|Matthew Henry's Concise Commentary|
8:1-15 Pharaoh is plagued with frogs; their vast numbers made them sore plagues to the Egyptians. God could have plagued Egypt with lions, or bears, or wolves, or with birds of prey, but he chose to do it by these despicable creatures. God, when he pleases, can arm the smallest parts of the creation against us. He thereby humbled Pharaoh. They should neither eat, nor drink, nor sleep in quiet; but wherever they were, they should be troubled by the frogs. God's curse upon a man will pursue him wherever he goes, and lie heavy upon him whatever he does. Pharaoh gave way under this plague. He promises that he will let the people go. Those who bid defiance to God and prayer, first or last, will be made to see their need of both. But when Pharaoh saw there was respite, he hardened his heart. Till the heart is renewed by the grace of God, the thoughts made by affliction do not abide; the convictions wear off, and the promises that were given are forgotten. Till the state of the air is changed, what thaws in the sun will freeze again in the shade.
Verse 6. - The frogs came up. Literally, "The frog came up," the word being used to designate the class or species.
Gill's Exposition of the Entire Bible
And Aaron stretched out his hand over the waters of Egypt,.... That is, towards the waters of the Nile, and towards all places where any water was; for it was not possible he could stretch out his hand over all the waters that were in every place:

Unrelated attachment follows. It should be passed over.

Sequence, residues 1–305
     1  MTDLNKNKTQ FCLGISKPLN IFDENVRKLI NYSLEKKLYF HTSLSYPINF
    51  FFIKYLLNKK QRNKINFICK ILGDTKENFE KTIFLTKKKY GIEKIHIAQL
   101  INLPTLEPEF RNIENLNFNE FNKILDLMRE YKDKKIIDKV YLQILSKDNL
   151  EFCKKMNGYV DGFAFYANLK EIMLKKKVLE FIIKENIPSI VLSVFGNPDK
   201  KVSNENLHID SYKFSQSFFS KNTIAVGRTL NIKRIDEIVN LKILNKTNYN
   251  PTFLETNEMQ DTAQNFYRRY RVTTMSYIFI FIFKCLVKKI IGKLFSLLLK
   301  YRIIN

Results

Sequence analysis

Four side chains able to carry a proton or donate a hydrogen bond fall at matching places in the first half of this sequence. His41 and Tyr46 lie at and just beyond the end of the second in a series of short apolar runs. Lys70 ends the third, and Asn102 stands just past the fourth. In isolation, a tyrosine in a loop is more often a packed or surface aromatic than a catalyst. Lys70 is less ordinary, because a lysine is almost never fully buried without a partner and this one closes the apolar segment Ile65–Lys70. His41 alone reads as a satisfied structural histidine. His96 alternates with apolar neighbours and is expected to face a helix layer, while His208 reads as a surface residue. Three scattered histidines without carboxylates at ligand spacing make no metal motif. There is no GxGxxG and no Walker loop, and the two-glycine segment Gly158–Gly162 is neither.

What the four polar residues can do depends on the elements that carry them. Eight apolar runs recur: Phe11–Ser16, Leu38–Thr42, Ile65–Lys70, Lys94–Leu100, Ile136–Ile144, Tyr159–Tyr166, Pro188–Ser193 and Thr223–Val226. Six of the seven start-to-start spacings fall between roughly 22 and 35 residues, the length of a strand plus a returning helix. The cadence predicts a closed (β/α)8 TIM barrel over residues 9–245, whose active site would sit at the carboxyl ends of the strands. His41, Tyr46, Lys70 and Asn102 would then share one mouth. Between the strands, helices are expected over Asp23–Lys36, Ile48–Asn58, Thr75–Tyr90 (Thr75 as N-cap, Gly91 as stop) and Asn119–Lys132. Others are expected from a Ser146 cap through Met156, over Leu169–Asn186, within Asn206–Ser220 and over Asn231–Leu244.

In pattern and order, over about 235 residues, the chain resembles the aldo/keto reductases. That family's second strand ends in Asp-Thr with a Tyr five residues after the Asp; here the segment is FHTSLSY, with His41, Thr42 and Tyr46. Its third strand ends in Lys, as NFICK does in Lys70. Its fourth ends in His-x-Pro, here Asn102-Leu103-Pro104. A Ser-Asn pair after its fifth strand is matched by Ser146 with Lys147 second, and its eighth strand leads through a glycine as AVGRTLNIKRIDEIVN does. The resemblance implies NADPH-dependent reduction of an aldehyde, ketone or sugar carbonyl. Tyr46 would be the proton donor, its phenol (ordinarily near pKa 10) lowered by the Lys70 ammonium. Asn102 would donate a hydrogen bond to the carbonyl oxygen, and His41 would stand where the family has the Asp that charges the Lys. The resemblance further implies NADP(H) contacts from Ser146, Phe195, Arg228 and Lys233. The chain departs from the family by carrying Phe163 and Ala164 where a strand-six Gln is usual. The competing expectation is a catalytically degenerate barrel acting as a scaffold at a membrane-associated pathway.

and the frogs came and covered the land of Egypt: they came up at once, and in such multitudes everywhere, that the whole land was full of them; this was done on the twenty fifth of Adar, or February, the same day the former plague ceased; so Artapanus (s), the Heathen historian says, that Moses by his rod produced frogs, locusts, and lice. And the story which Heraclides Lembus (t) tells seems to be hammered out of this account of Moses, that in Paeonia and Dardania such a number of frogs fell from heaven, as filled the public roads and private houses; at first the inhabitants killed them, and keeping their houses shut, bore it patiently some time; but when it signified nothing, and their household goods were covered with them, and they found them boiled and roasted with their food, and lay in such heaps that they could not tread for them, and were so distressed with the smell of the dead ones, they forsook their country.
(s) Apud Euseb. ut supra. (Praepar. Evangel. l. 9. c. 27. p. 425.) (t) Apud Athenaei Deipnosophist. l. 8. c. 2.
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